first_imgWawan explained that, based on Bareskrim’s preliminary investigation, Hengky is believed to have ordered and paid for the package using money from a banking account opened by Hasrul.“The money was used by Hengky to conduct the transaction, including to pay the import tax on the package,” Wawan said as quoted by kompas.com on Friday, adding that Hengky had also ordered a person identified as Aci to track down the package’s whereabouts. Aci remains at large.Herianto allegedly picked up the package at the DHL Makassar office on Aug. 10, after receiving orders from Sunardi. The police arrested Herianto at the DHL office.In addition to the drugs, the police seized five cell phones as evidence. (vny)Topics : The National Police’s Criminal Investigation Department (Bareskrim) has reportedly foiled an attempt to smuggle nearly 5,000 ecstasy pills into the country from the Netherlands.Bareskrim narcotics division deputy director Sr. Comr. Wawan Munarwan said the drugs were delivered to the city of Makassar in South Sulawesi using the service of international logistics company DHL Express. The pills were put inside a blue suitcase labeled “wedding dress”.The police have named four suspects, Herianto aka Anto, Sunardi aka Doyok, Hengky Sutejo aka Hengky and Hasrul aka Ardi. Sunardi, Hengky and Hasrul allegedly handled the transaction from behind bars.last_img read more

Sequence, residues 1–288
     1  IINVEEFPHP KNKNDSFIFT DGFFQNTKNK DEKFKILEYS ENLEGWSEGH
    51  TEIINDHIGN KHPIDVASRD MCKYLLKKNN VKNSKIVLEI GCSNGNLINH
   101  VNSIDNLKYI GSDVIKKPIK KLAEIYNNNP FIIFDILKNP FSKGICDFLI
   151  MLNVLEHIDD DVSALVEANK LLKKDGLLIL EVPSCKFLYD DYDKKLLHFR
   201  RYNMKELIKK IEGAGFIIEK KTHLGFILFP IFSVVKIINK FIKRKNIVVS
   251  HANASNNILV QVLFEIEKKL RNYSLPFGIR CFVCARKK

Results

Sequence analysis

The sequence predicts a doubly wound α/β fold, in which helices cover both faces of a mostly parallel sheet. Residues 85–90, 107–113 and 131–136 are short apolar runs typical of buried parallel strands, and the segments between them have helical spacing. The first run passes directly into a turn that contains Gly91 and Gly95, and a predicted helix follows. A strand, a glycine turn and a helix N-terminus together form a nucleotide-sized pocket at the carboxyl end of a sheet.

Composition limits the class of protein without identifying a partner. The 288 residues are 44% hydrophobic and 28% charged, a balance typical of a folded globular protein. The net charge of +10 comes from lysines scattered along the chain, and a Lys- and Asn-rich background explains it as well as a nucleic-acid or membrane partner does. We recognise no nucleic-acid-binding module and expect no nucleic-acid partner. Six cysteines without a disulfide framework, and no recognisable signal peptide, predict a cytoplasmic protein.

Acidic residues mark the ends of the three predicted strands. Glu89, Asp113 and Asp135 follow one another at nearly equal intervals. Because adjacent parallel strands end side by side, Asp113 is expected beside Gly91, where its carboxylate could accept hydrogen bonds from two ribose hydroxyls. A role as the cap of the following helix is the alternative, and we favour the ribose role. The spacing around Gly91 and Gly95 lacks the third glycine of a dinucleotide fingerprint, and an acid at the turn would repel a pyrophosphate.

first_imgClint EllisBrookville, In. — A former reserve Laurel police officer is facing multiple charges and is accused of mistreating and starving his canine partner, Blade.Court documents state two Laurel police officers told investigators Clint Ellis did not properly care for Blade and they had seen the canine officer wallowing in his own waste, in a cage. Witnesses also told investigators the dog about 30 pounds between October and December of 2017. Ellis was the primary caregiver for Blade from August of 2017 until his death on New Year’s Day 2018.On New Year’s Day witnesses told police they saw Blade, dead in a dirty cage. Ellis allegedly told the witnesses he was going to contact a veterinarian later. Days later, Ellis told investigators he was unable to contact the vet before the canine officer passed away and was unable to bury the body because the ground was frozen. The canine officer’s body was released for an autopsy on January 26.The autopsy showed the dog died from intestinal foreign bodies and whole body emaciation.Ellis has been charged with interfering with law enforcement and cruelty to animals in this case. He also faces charges of harassment of hunters, two counts of theft and official misconduct.last_img read more